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THE TEIES: JULY 15, 1919
THE. BRIDGEPORT TIMES
fuinni rnii ftoiimn!
And Evening Farmer
( FOUNDED 1T00.)
Bryaat, Griffith 4k Brunson, New York. Boston and Chicago
UEllSIA OB THE ASSOCIATED PRESS
THE STORY OF ALCOHOL
WHAT IT IS-HOW IT HAS SPREAD THROUGH THE
WORLD HOW IT HAS BEEN CONQUERED
iWULLUI, HO iff Hn
BY TE BRITISH!
Treated "With Courtesy of
Published by Tho Farmer Publishing Co., IT Fairfield Ave.. Bridgeport, Conn.
DAILY... .60o month, 84.00 per year WEEKLY $1.00 per year In advance
The Aeeoolated Press Is exclusively entitled to the use for republication
of all new dispatches credited to It or not otherwise credited la this paper
and alee the local news published herein.
Entered at Post Office, Bridgeport, Connecticut, ae second olass matter.
GAVE ACCOUNT OF
Had Hoped Long To Visit
United States. .
TUESDAY, JUIY 15, 191.
XHE COURTS having decided that the heirs of those who
were destroyed on the Lusitania may not recover dam
ages, Germany Leyig solely responsible, raises a question as
to the future of such claims.
Unquestionably British nationals may recover damages
under the provisions of the peace treaty, in which it is speci
fically provided that Germany is to compensate enemy civil
ians for every species of damage occasioned by the war, par
ticularly including the damage occasioned by submarine oper
ations. That American natiqnals, injured on the Lusitania, are pro
vided for is doubtful. Part VIII of the Treaty, which relates to
reparation, provides, in Par. 232, that Germany will make com
pensation for all damage done to the civilian population of the
Allied and Associated Powers "During the period of the belli
gerency of each" as an Allied or Associated power.
The United Slates was not a belligerent at the period of
the sinking of the Lusitunia.
More probably the compensation of American claimants
must be sought from the fund of $600,000,000, in the possession
of the Alien Property Custodian, the fund derived from the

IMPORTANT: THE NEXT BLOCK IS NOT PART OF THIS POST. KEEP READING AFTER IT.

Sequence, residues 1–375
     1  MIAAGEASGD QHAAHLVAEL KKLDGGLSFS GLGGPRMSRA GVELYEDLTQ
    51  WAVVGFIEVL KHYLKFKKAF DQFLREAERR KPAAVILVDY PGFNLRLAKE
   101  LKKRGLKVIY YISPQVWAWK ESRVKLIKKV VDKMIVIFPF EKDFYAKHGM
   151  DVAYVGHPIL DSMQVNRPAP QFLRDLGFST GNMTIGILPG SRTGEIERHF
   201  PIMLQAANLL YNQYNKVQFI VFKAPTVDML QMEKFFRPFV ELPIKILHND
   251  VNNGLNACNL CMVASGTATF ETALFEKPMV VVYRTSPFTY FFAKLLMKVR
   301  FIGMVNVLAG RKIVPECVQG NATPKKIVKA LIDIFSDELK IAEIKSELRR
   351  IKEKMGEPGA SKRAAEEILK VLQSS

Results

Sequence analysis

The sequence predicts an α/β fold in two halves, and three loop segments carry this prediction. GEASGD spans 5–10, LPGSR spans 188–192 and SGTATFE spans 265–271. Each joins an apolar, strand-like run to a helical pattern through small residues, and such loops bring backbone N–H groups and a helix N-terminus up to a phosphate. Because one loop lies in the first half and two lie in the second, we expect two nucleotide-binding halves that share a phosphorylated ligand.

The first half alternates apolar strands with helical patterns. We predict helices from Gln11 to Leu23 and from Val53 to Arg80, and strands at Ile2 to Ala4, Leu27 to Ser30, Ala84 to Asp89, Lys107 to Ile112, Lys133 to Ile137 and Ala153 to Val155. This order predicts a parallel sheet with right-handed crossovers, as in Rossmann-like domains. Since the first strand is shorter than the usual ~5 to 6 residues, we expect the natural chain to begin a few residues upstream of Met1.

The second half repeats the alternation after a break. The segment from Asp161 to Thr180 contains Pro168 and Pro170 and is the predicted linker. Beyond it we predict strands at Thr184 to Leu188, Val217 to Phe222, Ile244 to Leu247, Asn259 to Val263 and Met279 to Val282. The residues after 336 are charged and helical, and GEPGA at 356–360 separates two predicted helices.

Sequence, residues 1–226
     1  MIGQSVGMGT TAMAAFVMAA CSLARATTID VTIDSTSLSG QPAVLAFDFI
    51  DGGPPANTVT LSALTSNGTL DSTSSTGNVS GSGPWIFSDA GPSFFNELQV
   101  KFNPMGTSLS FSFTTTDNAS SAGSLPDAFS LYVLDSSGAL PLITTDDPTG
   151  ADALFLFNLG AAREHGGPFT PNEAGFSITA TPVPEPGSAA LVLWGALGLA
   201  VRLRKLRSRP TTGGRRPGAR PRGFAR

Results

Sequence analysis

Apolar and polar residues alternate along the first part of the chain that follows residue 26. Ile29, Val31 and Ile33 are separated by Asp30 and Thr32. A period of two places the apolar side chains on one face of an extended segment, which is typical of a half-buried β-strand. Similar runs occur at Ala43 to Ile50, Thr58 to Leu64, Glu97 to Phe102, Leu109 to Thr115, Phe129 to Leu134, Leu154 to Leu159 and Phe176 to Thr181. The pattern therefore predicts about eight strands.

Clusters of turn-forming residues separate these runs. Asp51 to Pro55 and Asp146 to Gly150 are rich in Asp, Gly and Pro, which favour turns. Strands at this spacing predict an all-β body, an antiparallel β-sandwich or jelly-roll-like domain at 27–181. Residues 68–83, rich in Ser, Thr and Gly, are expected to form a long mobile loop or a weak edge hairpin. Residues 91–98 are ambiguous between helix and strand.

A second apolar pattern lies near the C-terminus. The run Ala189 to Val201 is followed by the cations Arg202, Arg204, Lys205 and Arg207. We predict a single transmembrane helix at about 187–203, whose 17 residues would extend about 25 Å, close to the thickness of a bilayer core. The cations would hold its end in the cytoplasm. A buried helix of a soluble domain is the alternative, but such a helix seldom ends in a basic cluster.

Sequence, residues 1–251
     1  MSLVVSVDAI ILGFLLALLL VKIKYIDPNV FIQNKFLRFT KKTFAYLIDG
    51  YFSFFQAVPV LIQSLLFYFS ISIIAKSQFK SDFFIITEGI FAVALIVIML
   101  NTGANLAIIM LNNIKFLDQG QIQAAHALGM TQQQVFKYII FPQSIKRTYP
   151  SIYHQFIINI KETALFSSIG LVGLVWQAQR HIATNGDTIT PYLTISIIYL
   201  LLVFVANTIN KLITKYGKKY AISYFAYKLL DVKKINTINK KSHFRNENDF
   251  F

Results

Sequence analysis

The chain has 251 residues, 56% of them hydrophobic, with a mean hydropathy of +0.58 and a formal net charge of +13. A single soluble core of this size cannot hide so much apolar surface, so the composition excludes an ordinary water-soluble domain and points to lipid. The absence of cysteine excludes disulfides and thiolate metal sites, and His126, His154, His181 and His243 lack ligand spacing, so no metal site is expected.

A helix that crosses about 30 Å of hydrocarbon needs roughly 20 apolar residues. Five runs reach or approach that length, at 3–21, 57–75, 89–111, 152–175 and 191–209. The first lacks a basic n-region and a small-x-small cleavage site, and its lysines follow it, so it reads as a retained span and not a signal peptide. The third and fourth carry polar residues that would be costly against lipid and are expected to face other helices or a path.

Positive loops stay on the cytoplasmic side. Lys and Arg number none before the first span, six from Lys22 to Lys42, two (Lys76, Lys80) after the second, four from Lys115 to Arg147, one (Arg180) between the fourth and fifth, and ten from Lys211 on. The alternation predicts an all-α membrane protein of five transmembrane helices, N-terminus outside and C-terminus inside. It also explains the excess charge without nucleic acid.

sale of seized enemy property.
Article 252 says, "The right of each of tlAllied and As
sociated Powers or their nationals respectively to dispose of
enemy assets and property within its jurisdiction at the date
of the coming into force of the present treaty is not affected by
the foregoing provisions."
The provision referred to are the financial clauses of the
This fund of !$GOO,000,000 is at the disposal of the United
States, and is more than enough to make all reimbursements
for damages sustained by this country or any of its nationals
during the period of belligerency in which the United States
was not itself a belligerent.
The American citizens who have claims rising from the
destruction of the Lusitania need not therefore be debarred
from just compensation.
XHE DOMINANT defect in American procedure against
high prices is the excess of abusive noise over actual
The Sherman law, which provides penalties of fine and
imprisonment for restraints of trade, has not in any degree
lessened tho price of any commodity. The law probably has
aided in tho increase of prices.
Fines have been ineffectual. The separation of large into
smaller units has been barren of remedy. Juries have usually
refused to inflict jail sentences.
The operations by which prices are increased are-so in ac
cord with the principle that business will buy in the lowest
and sell in the highest market, that -average American citizens
refuse to punish in a criminal way, those who carry the pre
cept to a logical conclusion.
The report of the Hartford Ice Committee is unusually free
from mere denunciations and more than usually strong in its
suggestion for remedy.
Hartford owns its own water supply, which is managed by
a competent board of business men.
It is this circumstance that causes the committee to favor
a natural rather than an artificial ice supply.
The committee recommends
concrete, to hold 160,000 tons, a two years supply. The extra
supply would tide Hartford over a mild winter, when little
or no ice could be cut.
The ice houses would be rented to a person familiar with
the ice business, at a rental of 10 per cent, on the investment.
The lessee would cut and store his own ice, have rthe sole right
to deliver ice to the citizens, and would agree to deliver at not
more than 45 cents a hundred pounds.
The cost of the ice houses is estimated at $500,000.
The Hartford committee recommends the sale of ice by
weight, rather than by the piece and concludes with a recom
mendation for the criminal prosecution of the heads of the ice